Tips on Warm-Season and Cool-Season Grasses
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Warm or Cool?
Nothing makes a landscape sparkle like a healthy, well-maintained lawn. Depending on where you live, you’re tending turf that contains either warm-season grasses or cool-season grasses. These different turf types require similar treatments, including mowing, aerating, fertilizing and watering. But how and when you tackle these tasks varies depending on grass type. Review basic lawn-care strategies with a regional twist, and learn how to fine-tune care for your warm-season or cool-season lawn.
Warm-season grasses, including Bahia, Bermuda, centipede, St. Augustine and zoysia spread by runners, above and/or below ground. This enables them to create a thick mat of turf that, when maintained properly, crowds out weeds with ease. The runners also mean that these warm-season grasses make great choices for erosion control. Runner-type grasses grow easily as sod, because the running stems hold the sod pieces together. With Bermuda grass, the runners spread aggressively, and you may see grass shoots appearing in flower beds and other non-lawn areas of your yard. To corral this grass, install a barrier edging that extends into soil to halt the spread of runners.
Cool-season grasses, like the fescues and ryegrass, are bunch grasses. A lawn of fescue is actually a host of individual grass plants that, as they grow, form bunches. These bunch grasses are most often sown from seed. Bunch grasses don’t naturally hold together in the form of sod, unless the sod grower uses a biodegradable net at planting time. The net holds the bunches together, enabling the grass to be harvested, rolled and installed as sod. One cool-season grass, Kentucky bluegrass, is not a bunch grass but spreads by runners.
Mowing is probably the most time consuming activity of lawn maintenance. No matter what type of grass you tend, it’s vitally important to maintain a sharp mower blade, so that you’re cutting grass blades cleanly and not tearing them, which creates openings for pests and diseases to enter. It’s also equally key to know the proper mowing height for your turf type. For warm-season grasses, turf height varies by grass type, covering a range from 1 to 4 inches. Research the type of grass you have, and maintain it at the ideal height.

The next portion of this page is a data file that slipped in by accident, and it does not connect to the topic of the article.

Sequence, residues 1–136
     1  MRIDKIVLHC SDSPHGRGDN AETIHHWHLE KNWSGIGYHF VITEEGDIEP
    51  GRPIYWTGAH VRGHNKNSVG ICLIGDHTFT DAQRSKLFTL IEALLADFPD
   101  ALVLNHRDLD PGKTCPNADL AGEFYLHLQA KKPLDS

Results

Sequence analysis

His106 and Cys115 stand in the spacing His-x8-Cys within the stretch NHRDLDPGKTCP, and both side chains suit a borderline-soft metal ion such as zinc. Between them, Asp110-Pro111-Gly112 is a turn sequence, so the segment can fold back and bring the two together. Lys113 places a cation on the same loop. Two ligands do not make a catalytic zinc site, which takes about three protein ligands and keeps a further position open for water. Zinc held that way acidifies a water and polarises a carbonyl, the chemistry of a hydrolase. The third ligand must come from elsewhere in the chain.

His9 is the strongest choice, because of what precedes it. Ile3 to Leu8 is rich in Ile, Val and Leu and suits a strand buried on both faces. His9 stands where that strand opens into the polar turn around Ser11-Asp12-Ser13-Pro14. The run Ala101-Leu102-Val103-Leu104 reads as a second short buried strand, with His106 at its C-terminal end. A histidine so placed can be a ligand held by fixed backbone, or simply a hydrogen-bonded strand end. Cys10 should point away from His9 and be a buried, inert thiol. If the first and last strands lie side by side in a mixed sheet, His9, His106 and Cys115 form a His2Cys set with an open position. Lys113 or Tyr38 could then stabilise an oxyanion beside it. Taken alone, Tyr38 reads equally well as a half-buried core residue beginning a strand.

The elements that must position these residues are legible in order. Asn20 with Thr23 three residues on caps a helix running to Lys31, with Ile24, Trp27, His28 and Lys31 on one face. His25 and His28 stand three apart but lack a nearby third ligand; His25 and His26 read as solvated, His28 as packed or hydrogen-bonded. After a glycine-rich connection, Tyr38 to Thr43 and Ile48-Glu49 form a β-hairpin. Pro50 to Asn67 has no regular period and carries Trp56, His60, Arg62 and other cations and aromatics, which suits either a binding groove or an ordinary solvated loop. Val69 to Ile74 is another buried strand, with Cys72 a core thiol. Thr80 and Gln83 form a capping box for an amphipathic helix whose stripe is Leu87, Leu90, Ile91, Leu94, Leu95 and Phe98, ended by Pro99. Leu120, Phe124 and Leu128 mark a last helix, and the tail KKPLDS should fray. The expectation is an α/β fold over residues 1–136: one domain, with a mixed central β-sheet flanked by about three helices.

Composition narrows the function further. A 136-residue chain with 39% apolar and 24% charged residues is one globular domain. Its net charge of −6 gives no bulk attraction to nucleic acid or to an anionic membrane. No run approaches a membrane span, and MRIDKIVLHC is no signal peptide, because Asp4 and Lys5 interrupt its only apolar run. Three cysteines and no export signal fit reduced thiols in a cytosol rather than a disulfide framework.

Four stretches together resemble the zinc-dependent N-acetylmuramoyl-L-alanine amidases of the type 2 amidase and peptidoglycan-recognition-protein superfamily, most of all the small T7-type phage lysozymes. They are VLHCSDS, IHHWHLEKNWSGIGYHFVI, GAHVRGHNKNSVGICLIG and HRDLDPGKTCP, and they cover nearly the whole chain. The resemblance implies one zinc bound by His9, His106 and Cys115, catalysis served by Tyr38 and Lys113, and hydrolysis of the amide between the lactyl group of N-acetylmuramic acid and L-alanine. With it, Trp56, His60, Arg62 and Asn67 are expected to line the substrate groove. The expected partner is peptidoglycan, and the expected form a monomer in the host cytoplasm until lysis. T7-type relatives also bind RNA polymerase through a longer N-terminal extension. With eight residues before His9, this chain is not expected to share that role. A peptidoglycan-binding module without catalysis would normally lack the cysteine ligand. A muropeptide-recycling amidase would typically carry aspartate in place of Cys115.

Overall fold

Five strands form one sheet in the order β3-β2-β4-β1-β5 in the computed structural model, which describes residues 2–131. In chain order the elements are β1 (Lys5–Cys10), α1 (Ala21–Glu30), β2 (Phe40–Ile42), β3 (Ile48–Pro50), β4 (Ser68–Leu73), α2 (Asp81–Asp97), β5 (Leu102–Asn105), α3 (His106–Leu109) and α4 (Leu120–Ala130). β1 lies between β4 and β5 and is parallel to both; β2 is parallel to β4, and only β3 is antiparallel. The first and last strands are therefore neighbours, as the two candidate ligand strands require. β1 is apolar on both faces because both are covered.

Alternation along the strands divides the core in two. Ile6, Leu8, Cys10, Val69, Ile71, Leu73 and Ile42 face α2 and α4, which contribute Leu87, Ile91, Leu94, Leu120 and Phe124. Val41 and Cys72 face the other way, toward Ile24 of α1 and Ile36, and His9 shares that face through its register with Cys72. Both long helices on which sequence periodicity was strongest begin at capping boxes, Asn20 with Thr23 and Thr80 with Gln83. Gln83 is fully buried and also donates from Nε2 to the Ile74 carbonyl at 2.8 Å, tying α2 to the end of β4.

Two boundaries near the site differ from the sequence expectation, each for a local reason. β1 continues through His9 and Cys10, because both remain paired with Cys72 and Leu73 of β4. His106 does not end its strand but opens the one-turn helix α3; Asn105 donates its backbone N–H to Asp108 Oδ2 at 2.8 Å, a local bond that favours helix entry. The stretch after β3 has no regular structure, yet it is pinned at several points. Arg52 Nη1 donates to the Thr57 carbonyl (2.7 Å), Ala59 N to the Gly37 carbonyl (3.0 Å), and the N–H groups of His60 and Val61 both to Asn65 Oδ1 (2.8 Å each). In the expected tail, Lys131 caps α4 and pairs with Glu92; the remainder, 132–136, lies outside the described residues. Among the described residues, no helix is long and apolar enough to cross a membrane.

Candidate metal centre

Beware of Scalping
For bunch grasses, cutting grass too short can be a kiss of death. When those individual grass plants are scalped, they have to use food reserves stored in the roots to regenerate the plant. Depending on the season and the lawn’s health, recovery may not be possible. Never remove more than one third of total grass blade length at a single cutting.
Lawn Irrigation Needs
Lawn irrigation needs vary by grass type. In general, warm-season grasses need about 20 percent less water than cool-season types. Tall fescue, if it’s healthy, develops a deep root system that gives this grass type the highest drought tolerance among cool-season grasses. Bermuda, centipede, St. Augustine and zoysia warm-season grasses also develop strong, deep root systems that enable these grasses to withstand drought. Other grasses, like Kentucky bluegrass, go dormant during times of drought and revive when irrigation returns.
Fertilizer Timing: Warm Season
Fertilizer timing varies based on the type of grass you grow. In general, you want to feed a lawn just as it’s entering its peak growth. Fertilize warm-season grasses in late spring or early summer, just before grass hits its intense summer growing season. These grasses benefit from a second feeding in late summer.
Fertilizer Timing: Cool Season
Cool-season grasses kick into high gear in spring and fall. Most lawn professionals recommend one fertilizer application per year, in the fall. This feeding fuels strong root development prior to the ground freezing, enhancing the food stores in grass roots. These food stores are responsible for a strong green-up in spring. Time the fall feeding so it’s done before grass discolors when cold weather arrives. Check with your local extension office or a reputable garden center to fine-tune the timing for your area’s fall fertilizer application.